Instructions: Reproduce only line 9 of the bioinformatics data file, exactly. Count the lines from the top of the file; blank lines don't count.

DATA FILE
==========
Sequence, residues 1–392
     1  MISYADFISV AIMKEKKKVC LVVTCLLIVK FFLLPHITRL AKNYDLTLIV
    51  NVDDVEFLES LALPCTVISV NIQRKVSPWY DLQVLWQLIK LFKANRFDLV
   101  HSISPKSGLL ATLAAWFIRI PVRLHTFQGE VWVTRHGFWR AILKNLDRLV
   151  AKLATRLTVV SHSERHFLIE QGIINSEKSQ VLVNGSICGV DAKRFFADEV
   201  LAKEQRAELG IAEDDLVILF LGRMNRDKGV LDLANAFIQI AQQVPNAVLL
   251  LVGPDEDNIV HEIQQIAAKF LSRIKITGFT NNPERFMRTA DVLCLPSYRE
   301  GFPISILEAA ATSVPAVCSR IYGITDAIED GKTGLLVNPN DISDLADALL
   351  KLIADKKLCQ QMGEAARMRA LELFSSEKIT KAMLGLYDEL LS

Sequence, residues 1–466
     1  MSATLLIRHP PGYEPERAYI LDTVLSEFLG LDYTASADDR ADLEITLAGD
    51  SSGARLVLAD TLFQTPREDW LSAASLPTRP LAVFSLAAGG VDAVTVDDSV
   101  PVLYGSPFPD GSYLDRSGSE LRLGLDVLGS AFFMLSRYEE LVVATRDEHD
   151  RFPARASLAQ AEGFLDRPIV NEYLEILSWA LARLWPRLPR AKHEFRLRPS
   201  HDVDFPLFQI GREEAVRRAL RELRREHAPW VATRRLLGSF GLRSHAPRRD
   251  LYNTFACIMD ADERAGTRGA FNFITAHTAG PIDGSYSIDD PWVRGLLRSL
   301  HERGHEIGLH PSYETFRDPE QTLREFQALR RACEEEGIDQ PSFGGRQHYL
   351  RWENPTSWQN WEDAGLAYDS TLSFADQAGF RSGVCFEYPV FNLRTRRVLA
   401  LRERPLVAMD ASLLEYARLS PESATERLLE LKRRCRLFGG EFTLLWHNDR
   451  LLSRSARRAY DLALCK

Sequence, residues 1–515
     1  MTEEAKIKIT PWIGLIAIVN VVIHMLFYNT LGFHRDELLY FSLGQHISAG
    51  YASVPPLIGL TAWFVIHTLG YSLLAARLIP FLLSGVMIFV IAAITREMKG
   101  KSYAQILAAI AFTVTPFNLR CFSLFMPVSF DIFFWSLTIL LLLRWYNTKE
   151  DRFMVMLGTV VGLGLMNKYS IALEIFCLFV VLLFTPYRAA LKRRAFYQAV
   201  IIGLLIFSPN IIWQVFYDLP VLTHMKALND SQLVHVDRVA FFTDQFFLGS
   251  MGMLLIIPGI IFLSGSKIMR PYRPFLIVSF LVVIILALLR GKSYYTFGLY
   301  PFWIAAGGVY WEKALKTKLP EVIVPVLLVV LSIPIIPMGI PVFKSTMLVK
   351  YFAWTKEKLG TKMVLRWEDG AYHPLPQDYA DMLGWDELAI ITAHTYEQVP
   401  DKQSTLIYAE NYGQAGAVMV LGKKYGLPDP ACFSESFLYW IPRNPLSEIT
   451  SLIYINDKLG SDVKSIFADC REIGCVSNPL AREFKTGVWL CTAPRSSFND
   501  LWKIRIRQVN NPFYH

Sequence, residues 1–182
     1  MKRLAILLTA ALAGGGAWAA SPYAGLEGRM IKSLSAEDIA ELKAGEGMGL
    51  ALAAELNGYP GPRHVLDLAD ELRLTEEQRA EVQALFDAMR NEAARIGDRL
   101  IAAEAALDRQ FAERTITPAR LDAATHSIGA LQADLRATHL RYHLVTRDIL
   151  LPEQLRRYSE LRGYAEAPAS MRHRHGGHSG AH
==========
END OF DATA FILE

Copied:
   351  KLIADKKLCQ QMGEAARMRA LELFSSEKIT KAMLGLYDEL LS